To the editor:
I find the commentary by Rabbi Avi Shafran on the overturning of Roe v. Wade very puzzling (Wisconsin Jewish Chronicle, August 2022).
Shafran is quite clear that Jewish law permits (and in some cases requires) abortion, and acknowledges the variety of approaches within Orthodox legal opinions.
But on an individual basis, with an actual Jewish woman in a particular pregnancy, the halachic process requires not only thorough knowledge of the “different approaches to the nature of the issue” but also the specific circumstances of the woman and the medical advice of her doctor.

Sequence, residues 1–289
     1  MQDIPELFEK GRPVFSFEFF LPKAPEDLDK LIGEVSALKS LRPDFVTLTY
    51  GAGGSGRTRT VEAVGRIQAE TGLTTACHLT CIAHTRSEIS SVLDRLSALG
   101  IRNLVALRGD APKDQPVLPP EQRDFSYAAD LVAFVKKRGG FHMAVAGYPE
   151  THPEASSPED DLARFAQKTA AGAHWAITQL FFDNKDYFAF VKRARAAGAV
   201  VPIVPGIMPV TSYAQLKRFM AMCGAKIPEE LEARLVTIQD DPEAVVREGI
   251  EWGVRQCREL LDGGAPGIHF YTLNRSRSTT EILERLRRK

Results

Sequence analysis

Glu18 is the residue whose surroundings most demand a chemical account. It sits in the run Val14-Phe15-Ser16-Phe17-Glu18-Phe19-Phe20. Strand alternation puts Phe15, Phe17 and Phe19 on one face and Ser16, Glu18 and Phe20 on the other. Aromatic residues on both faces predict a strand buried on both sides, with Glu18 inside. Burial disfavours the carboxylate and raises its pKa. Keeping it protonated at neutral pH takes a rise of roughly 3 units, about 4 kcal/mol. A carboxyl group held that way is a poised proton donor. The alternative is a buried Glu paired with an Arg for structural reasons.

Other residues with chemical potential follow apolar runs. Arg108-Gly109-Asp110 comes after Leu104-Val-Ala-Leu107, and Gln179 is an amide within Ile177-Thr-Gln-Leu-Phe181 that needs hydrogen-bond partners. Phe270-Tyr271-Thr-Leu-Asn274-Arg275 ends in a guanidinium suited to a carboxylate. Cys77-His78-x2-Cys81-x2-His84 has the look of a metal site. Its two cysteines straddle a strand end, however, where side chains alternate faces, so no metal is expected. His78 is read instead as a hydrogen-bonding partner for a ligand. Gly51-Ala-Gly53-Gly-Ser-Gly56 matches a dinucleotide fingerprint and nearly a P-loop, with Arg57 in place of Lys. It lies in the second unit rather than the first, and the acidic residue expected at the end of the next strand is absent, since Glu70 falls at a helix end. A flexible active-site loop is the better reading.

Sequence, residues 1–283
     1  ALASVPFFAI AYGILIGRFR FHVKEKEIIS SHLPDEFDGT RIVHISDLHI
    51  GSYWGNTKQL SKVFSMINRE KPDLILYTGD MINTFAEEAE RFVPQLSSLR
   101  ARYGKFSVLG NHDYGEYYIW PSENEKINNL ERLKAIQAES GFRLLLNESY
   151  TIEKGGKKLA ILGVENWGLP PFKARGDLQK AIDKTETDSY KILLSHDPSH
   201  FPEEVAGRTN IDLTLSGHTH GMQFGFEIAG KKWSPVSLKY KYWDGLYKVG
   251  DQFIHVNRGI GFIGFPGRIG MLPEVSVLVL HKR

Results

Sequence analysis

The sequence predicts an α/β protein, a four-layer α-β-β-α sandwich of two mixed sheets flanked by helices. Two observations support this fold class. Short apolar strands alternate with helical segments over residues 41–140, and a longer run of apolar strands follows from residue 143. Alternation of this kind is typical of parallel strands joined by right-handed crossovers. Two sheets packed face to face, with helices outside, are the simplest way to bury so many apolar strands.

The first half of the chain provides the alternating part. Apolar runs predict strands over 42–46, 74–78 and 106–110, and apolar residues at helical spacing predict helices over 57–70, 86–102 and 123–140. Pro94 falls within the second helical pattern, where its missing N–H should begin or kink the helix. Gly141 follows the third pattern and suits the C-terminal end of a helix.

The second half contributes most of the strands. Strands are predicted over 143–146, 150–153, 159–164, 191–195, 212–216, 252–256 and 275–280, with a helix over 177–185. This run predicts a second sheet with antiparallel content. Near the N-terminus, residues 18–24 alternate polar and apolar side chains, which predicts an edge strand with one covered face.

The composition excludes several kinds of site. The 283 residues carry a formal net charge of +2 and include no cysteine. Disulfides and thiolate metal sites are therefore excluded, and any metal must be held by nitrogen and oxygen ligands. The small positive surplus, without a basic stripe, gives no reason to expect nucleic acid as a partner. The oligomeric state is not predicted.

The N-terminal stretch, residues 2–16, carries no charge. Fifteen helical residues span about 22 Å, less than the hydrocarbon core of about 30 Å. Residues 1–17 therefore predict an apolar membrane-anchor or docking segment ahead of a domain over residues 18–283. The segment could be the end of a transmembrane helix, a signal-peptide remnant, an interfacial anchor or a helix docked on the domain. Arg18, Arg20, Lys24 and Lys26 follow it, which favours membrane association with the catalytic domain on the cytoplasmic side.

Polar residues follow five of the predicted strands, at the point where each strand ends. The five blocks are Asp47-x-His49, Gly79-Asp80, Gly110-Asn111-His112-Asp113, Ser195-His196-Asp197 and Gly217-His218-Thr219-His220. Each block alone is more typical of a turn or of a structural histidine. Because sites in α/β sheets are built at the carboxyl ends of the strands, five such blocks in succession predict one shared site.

The laws now being permitted by the Supreme Court’s decision fly directly in the face of that. A Jewish woman should be able to consult a rabbinic authority in making a decision on abortion. Laws being passed in many states make it impossible for rabbis to exercise that authority.
There are already cases in certain states of women being denied care until their situation becomes critical, because doctors and hospitals are not sure that they can act according to their best judgment under newly passed laws. How can an Orthodox rabbi be able to render meaningful guidance with such laws in place?
Jay H. Beder